March 12, 2007

Not just bad linguistics, but shoddy historical genetics too?

Last week, Sally Thomason posted about the bad historical linguistics in Stephen Oppenheimer's work, at least as reported by Nicholas Wade ("Nutty journalists' (and others') language theories", 3/6/2007). At the same time, she conceded to his authority in genetics ("I have no expertise whatsoever in genetics and I therefore have no comment on Dr. Oppenheimer's proposals in this highly technical and well-developed field of inquiry."). But Razib at Gene Expression does have expertise in genetics, and his comment ("Bad historical population genetics?", 2/6/2007) was:

I've haven't read Oppenheimer's book, but I have read his The Real Eve. He's not one to be modest, and he's trying to make another splash. I've stated earlier that I thought the Etruscan studies were historical population genetics done right, and I think here Oppenheimer in particular is all about the discipline done wrong. From a Popperian perspective I suppose one could say that Oppenheimer is making bold claims which demand to be tested, but, his idea that Germanic speech predates the Anglo-Saxons, and that the Celts brought agriculture to England, rest upon revisionst and extreme minority positions within history, archaeology and linguistics. It would be one thing if the genetics was rock solid, but it isn't. The whole model seems an intellectual mess, more ego than experiment. The populations of northwestern Europe may simply be genetically too close to use uniparental phylogenies to definitively decide between historical hypotheses, other fields need to offer concurrent evidence, and that just isn't happening here.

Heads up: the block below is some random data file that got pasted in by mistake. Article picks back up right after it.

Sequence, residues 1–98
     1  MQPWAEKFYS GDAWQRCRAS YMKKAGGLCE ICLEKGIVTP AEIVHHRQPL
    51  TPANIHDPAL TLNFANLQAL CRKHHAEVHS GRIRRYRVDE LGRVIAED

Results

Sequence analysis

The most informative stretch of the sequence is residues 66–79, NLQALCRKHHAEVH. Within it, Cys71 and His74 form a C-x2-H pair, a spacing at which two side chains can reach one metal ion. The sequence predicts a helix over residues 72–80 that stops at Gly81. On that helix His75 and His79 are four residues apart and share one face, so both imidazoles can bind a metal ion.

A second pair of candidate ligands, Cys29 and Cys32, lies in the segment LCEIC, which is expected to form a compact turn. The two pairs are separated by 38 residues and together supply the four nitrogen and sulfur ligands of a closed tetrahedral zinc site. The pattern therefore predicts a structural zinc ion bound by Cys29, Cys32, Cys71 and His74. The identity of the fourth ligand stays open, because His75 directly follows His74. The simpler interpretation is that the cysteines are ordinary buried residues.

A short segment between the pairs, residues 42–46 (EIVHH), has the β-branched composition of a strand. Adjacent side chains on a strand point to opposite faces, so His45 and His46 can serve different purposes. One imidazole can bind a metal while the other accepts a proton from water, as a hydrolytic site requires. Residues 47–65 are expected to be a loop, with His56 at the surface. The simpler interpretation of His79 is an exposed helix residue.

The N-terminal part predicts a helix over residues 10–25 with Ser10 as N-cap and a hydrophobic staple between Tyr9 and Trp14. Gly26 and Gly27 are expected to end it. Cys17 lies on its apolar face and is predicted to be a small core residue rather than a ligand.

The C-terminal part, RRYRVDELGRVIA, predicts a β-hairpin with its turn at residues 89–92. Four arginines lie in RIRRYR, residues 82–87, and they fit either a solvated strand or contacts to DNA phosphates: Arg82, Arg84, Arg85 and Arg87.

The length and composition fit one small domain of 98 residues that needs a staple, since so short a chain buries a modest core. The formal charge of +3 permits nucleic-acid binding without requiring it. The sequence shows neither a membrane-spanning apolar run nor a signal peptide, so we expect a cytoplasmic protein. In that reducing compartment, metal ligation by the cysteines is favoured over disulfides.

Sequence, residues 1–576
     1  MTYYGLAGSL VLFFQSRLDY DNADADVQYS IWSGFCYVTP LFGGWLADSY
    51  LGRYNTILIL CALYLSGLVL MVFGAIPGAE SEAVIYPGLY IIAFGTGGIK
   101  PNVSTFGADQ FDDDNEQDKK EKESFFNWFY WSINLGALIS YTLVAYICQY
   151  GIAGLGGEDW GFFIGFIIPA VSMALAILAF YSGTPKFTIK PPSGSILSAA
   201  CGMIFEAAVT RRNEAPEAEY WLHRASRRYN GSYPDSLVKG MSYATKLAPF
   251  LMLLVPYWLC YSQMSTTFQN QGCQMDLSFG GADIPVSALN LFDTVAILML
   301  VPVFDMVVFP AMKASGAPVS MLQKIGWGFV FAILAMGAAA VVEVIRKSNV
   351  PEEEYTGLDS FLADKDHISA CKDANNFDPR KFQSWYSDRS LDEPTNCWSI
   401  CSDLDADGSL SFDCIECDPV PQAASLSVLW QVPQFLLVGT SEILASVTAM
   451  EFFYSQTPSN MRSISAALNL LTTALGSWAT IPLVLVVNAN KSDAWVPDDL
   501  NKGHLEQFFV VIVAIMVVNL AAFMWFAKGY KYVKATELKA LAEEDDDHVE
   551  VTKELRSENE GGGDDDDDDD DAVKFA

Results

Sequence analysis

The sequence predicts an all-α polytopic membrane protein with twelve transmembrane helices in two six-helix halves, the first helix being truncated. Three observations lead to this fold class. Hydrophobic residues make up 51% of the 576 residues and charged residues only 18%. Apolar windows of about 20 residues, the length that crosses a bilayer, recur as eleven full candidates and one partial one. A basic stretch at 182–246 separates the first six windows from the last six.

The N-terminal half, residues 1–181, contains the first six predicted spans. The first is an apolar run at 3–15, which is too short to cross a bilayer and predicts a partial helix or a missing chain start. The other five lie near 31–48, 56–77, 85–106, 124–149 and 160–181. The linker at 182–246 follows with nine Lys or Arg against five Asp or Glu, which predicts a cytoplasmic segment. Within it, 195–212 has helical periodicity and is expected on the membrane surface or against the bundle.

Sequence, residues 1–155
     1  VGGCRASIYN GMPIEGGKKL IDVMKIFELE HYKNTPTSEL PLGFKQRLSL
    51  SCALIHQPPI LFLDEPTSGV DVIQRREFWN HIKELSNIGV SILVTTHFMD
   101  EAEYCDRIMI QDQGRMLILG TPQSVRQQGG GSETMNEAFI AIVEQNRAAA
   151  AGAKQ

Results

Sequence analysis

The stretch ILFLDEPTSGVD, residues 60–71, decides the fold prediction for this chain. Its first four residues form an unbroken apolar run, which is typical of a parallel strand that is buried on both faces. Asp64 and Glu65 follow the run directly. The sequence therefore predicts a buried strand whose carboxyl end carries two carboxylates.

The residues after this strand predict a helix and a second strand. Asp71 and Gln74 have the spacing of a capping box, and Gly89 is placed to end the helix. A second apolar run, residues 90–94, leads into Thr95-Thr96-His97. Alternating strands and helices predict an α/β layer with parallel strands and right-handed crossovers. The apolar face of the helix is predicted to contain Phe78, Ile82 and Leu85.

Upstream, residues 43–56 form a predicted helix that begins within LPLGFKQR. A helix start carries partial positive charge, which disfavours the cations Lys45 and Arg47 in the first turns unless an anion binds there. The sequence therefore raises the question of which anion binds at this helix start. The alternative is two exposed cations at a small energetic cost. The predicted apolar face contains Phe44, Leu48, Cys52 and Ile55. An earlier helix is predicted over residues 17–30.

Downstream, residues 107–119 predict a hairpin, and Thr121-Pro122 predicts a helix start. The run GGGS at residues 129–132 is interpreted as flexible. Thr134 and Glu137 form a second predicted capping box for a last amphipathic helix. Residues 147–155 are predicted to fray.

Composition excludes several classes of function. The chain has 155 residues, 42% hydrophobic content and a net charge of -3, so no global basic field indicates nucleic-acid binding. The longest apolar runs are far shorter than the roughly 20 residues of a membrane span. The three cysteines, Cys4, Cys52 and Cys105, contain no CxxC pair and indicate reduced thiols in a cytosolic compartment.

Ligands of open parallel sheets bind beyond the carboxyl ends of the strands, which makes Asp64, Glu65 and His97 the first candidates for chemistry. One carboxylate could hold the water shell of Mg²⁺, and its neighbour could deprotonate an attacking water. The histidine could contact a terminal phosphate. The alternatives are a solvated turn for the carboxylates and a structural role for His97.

And one of his commenters adds another complaint about allegedly "shoddy dating techniques" in another piece of work on historical population genetics:

I completely agree with you here, Oppenheimer's got a rigid view of prehistory that he's dreamed up, and he's sticking to it.

For example, his genetics papers that I'm familiar with (Austronesian) use shoddy dating techniques (one molecular clock calibration point, _rho_, at orders of magnitudes greater than the history he's trying to date) to get a huge range of age estimates (6,000 - 50,000 years ago). Despite this, they apparently still support his "revolutionary" view of Pacific prehistory which dates the spread of these people to circa 13,000 BP. This is completely in contradiction of all the linguistic and archaeological evidence.

I've ordered Oppenheimer's book, and I'll report back after I read it and go over it with some experts in relevant areas of computational biology.

Posted by Mark Liberman at March 12, 2007 08:00 AM